Desert Isle Keeper
Navigating the Stars
Much as I’ve enjoyed Ms. Snyder’s work in the past, I don’t follow her release schedule very closely. But when I do find out about a new release, I’m ready to dive right in. It didn’t even take ten pages of Navigating the Stars to have me hooked and desperate to read more.
The premise of the book is intriguing. Terracotta Warriors like those in China have been found on numerous other planets in the galaxy, prompting Earth to send out teams of archaeologists and explorers to try and understand how this happened. There’s speculation about alien involvement, but so far no aliens have been discovered, just the warriors with some strange markings. Lyra Daniels is the daughter of two archaeologists and has been dragged between planets all her life as part of this expedition.
While it was obvious just by reading the summary that this book would be interesting, I knew it would be a DIK the moment Lyra snuck away to attend her own funeral. You see, the time slippage caused by interstellar travel means that when you leave a planet, it will take only days for you to reach your next destination, while the people you left behind will live through years. So teenagers like Lyra who accompany their explorer parents have come up with the tradition of holding funerals for their departing friends. Some people will give eulogies, the person leaving reads their ‘will’ and gives out some gifts to everyone staying behind, and then they all cut ties with each other because it would be too difficult to stay in touch.
Lyra’s funeral shows a lot of insight into her character and the culture in which she lives. It exposes her as someone thoughtful but fun-loving, smart and willing to go to great lengths for the people she cares about. It explores the strange grief of leaving your friends behind in a way that we can’t really relate to. More importantly, it proves Ms. Snyder to be not only a good writer, but also an insightful world-builder, and it made me very excited to learn what else was in store for me in this book.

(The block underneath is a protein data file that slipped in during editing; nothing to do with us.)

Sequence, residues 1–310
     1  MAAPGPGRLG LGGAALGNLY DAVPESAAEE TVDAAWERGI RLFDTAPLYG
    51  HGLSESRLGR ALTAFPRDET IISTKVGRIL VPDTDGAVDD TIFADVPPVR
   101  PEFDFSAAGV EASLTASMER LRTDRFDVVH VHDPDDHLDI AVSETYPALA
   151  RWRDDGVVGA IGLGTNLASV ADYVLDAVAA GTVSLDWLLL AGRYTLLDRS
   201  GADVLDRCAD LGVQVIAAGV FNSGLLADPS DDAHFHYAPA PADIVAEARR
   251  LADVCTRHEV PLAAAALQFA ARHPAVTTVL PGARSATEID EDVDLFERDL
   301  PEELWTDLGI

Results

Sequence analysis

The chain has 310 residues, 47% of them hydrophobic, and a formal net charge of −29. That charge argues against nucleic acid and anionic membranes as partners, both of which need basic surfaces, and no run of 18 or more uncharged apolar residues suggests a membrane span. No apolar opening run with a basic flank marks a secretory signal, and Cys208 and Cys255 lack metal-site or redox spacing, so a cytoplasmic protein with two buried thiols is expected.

I don’t actually want to say too much about the plot, because the whole story is best experienced without preparation. The fact that aliens are suspected to exist in this universe but have not yet actually been discovered lends an air of uncertainty to the whole story as it made me wonder if and when they would show up. Each time there was a new discovery or disaster, I questioned whether there were humans behind it or something else.
Aside from the exploration and adventure aspects of the story, there are also some romantic elements. When Lyra leaves with her parents to explore the newest planet discovered to have Warriors on it, she’s grieving over the friends she left behind and not interested in connecting with anyone else. Then she meets Niall on the spaceship transporting them. He’s the brooding seventeen-year-old son of the ship’s head of security and is similarly uninterested in befriending Lyra because he knows he’ll leave her behind soon enough. Lyra’s determination to be a kind person gets the better of her, and the two slide into a friendship almost against their wills, which eventually turns into a romance.
I can’t say enough good things about the characters in the book – both main and supporting. Ms. Snyder does a remarkable job of showing depth and growth in everyone, but Lyra in particular shines as exceptionally well-written. She feels emotion deeply and puts a lot of thought into everything she does, so that as the reader it’s easy to agree with her viewpoint. Yet then she’ll be chastised by her parents, or experience something new, and will realize her initial thoughts on the subject were a bit narrow-minded or immature. In other words, she’s the quintessential seventeen-year-old; she generally thinks she knows everything, until something happens and she discovers there’s still room to grow. But Lyra does grow, which is wonderful to watch.
Her parents and Niall are a big part of this growth for Lyra. The former work hard to make Lyra feel loved and supported even as they’re consumed by their jobs. It’s clearly a struggle at times, but I was impressed by how they managed to fill both roles well and find time to guide Lyra toward adulthood. Niall guides her too, from his position as a peer. Just as Lyra challenges him to open up to people, he challenges her to respect rules when she would normally flout them (something that eventually plays a key role in the outcome of the story). They change each other for the better, which is exactly what I love to see in a good romance.
The saddest thing for me about this book is that I’ll have to wait a while for its sequel. While things do reach a point of closure at the end, there are still many questions left unanswered. I’d love to time jump into the future like Lyra, but alas, all I can do is stay here in the present and recommend this book to you. It’s a strong start to a promising series.